How students feel about their recent ACT/SAT scores and if they believe the tests should remain optional


Senior Hornets took on the prolonged test in hopes of receiving the best scores possible. Photo by Noah Goulbourne

Noah Goulbourne, Editor - Sports Page

On Wednesday, Oct. 13, Roswell High School hosted an SAT Day from 8 a.m. to 12 p.m., providing seniors the opportunity to take the test and possibly submit their test scores to their desired colleges. Starting in 2020, schools across the nation became test optional due to COVID-19 and students were given the choice on whether they wanted to submit their scores or not. For some students, the choice is easy, as the SAT just represents another task to complete in order to further their college applications. Others receive their scores and decide to retake or not to submit at all. Not submitting does not harm your chances of getting into certain schools. If a student decides to do test optional, colleges will focus on the other main points of your academic career. These include GPA, essay, activities, and course load. This process can become extremely stressful for students who want to attend a college in Georgia since they’re not a test-optional state. 

When asked about his SAT experience at Roswell, senior Ramon Rojas-Gomez says, “I felt as if the SAT should have revolved around recent math subjects that we have learned because who would have known to study for things we learned during our freshman year. This time around, I don’t plan to submit my scores. I strongly believe that the SAT should remain optional as it does not reflect on how good of a student you actually are.”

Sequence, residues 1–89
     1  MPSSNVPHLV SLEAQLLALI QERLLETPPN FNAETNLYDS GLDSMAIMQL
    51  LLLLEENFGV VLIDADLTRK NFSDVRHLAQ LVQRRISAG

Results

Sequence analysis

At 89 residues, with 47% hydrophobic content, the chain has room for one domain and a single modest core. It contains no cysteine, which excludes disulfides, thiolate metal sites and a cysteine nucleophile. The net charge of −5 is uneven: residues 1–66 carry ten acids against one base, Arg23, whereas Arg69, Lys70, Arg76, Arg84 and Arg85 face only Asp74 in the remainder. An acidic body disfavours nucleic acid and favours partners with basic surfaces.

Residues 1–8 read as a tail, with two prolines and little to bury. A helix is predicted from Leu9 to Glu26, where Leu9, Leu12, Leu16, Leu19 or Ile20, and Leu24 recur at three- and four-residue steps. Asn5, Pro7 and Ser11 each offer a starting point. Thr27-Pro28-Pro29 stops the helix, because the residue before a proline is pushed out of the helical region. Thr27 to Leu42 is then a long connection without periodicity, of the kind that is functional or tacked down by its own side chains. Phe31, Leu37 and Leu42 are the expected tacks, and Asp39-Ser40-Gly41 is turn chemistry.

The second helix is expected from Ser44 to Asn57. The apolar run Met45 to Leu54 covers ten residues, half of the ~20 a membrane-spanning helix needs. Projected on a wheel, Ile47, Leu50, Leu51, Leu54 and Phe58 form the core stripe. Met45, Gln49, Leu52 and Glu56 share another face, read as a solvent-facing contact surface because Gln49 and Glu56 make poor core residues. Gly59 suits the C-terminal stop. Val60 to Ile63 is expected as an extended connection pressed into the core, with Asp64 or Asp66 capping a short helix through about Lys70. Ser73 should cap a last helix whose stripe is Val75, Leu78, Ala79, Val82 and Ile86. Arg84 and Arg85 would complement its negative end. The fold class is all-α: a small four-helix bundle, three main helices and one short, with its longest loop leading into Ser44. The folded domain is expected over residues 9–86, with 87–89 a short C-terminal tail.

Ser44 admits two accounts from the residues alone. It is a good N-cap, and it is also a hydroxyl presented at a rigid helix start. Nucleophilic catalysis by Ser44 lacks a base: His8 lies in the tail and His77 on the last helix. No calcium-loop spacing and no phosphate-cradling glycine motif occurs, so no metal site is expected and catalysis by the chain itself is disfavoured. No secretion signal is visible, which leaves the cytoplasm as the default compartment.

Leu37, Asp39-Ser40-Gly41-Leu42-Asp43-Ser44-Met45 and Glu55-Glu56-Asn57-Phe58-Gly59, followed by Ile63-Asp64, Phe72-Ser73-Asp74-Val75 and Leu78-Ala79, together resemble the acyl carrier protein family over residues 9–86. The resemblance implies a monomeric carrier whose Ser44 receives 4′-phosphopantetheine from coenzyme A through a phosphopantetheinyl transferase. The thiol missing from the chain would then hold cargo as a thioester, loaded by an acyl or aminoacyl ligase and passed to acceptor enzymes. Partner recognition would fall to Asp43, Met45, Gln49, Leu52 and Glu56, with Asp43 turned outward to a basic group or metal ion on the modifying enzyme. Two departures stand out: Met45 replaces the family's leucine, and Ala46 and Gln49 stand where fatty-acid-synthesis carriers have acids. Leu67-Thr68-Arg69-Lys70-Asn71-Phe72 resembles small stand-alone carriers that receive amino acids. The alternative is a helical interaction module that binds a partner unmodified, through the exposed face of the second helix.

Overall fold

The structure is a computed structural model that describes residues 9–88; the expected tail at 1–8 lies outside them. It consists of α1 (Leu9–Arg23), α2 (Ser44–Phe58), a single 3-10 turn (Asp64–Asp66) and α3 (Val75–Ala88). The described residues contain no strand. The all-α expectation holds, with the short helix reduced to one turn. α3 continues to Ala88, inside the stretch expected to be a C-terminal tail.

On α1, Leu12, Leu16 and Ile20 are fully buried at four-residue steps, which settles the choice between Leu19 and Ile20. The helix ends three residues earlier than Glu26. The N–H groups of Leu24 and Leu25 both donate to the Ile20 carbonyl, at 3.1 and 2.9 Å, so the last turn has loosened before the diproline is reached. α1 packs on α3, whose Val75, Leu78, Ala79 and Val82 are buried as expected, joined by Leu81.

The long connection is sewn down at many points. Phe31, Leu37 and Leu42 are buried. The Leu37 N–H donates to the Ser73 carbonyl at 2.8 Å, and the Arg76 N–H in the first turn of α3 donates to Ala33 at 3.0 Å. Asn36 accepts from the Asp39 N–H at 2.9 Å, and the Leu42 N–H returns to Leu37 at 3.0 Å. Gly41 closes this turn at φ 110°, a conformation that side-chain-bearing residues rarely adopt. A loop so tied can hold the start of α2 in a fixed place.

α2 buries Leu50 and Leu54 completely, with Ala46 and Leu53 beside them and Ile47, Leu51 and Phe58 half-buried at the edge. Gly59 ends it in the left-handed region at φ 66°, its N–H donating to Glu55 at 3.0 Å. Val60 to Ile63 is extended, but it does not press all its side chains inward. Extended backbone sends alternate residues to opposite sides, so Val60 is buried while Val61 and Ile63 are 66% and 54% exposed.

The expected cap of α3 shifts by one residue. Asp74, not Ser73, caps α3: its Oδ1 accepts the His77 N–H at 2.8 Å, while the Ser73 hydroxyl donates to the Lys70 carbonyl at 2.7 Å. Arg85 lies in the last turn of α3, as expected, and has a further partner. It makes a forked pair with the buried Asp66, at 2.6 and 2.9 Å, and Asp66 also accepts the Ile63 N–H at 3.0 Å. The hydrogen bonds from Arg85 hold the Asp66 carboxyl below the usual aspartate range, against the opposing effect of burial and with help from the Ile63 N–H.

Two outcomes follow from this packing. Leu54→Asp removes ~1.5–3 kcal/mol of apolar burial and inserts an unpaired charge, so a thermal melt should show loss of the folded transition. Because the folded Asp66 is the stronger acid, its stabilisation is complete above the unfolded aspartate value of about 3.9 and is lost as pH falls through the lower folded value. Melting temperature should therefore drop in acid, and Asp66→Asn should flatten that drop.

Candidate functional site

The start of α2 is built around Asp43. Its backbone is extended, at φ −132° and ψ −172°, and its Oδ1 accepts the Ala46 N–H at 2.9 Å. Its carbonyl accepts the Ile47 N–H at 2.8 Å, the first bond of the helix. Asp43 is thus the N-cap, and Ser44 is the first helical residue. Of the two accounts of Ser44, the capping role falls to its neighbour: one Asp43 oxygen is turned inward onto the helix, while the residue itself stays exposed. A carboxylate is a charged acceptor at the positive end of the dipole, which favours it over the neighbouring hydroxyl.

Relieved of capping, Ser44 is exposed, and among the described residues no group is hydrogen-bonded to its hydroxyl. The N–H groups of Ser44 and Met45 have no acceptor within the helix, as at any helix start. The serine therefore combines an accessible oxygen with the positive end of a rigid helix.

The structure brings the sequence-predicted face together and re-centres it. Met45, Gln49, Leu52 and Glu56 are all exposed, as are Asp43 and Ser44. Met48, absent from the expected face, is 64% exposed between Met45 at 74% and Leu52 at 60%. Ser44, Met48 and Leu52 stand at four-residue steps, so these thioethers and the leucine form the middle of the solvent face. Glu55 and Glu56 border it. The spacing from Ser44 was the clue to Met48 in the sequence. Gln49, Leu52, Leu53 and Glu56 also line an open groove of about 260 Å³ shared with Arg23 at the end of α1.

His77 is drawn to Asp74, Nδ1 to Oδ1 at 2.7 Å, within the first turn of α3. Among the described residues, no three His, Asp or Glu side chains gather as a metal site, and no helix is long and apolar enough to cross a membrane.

Senior Joshua Eberhardt states, “My SAT experience was full of boring reading passages and terribly worded math problems. Also, the test should always be optional because a four hour test should not be able to dictate where you get into college.”

Although RHS has not stated whether they will host a day for the SAT again, you can always register on College Board to find a different location. College Board also provides you with your test scores, and sends your scores to any necessary schools. To register for the SAT, click here.